Face masks – is your dental team protected?

10 June 2020
4 min read

In these crazy times, there are many organisations selling masks and face coverings of all types and, unfortunately, there is a lot of misunderstandings about the levels of protection.

Whilst the COVID-19 pandemic still rages, so does the debate. Government advice seems to be forever changing, particularly in regard to the general public, but employers needing to protect staff dealing with patients need to be very careful about what they are providing.

A good place to start is probably defining exactly what we are talking about. According to the World Health Organisation (WHO):1

Medical Masks are defined as surgical or procedure masks that are flat or pleated, they are affixed to the head with straps that go around the ears or head or both……. They aim to balance high filtration, adequate breathability and optionally, fluid penetration resistance (filtering 3 micrometre droplets)

Filtering facepiece respirators must filter 0.075micrometre solid particles and must seal around the wearers face

What are we protecting against?

Part of the basic tenet of risk assessment is what is the risk and who is affected? This is vital to establish to ensure the correct personal protective equipment (PPE) is being worn. Simplistically, the surgery receptionist will not require the same level of protection as the dentist and we must always remember that PPE, in health and safety terms, is always a last resort. So, some tips for risk assessment:

  • Are patients being COVID-19-screened before entering/on entry to the premises?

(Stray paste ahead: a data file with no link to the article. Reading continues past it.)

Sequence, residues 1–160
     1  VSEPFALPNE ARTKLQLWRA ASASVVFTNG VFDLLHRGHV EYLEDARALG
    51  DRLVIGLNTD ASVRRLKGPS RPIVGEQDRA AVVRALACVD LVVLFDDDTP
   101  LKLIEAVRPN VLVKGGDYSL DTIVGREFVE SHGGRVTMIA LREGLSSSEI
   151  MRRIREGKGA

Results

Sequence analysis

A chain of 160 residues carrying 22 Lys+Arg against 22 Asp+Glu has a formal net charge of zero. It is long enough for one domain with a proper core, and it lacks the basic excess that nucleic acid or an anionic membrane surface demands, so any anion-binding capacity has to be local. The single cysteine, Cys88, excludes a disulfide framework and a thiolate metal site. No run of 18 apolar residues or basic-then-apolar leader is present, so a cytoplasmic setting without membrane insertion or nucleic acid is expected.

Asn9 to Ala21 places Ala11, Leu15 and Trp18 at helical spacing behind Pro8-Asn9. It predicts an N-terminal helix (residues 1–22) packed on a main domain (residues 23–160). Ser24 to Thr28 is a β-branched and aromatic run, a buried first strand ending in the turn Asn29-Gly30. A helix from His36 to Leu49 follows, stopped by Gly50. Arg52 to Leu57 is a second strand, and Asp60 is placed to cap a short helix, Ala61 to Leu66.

• Do you have other precautions in place? (screens, distancing, cleaning regimes etc everything you find in the modern supermarket)
  • Who is most at risk? This will inevitably be the persons who cannot maintain social distancing and especially those who are carrying out aerosol generating procedures (AGPs)
  • Who are you protecting? Legally (and morally) employers have a duty to protect employees and anyone else affected by their activities so this includes patients.

A good business will have robust protocols in place for the management of staff with COVID -19 symptoms. This should provide a good level of assurance that those employees at work are fit to be there and will not be infecting colleagues and patients. Screening of patients should also offer that protection but as anyone working in any medical capacity will tell you - patients can be a little vague -who knew? Combined with the knowledge of your (already stringent) hygiene procedures this should tell you that your employees are most at risk when dealing with patients with unknown COVID-19 status.

So what type of mask should we be wearing?

Let’s start with the highest protection level specified and work downwards.

Filtering facepiece respirators According to the Faculty of General Dental Practice,2 Public Health England (PHE) have advised core government policy as the mask type required for healthcare workers delivering or assisting with AGPs* should be a FFP3 respirator. This is a tight fitting facepiece which should be fit tested by a competent person. Rumour has it some dental practices are going to “train someone in-house via on-line training” – this does not render them competent and places staff in danger of COVID-19 transmission and employers in danger of prosecution.

Face fit testing is usually done using the qualitative method (taste test) but remember - the test is only valid for a specific respirator on an individual; if you use multiple makes of respirator they will all have to be fit tested. This type of disposable respirator must meet BS EN 149.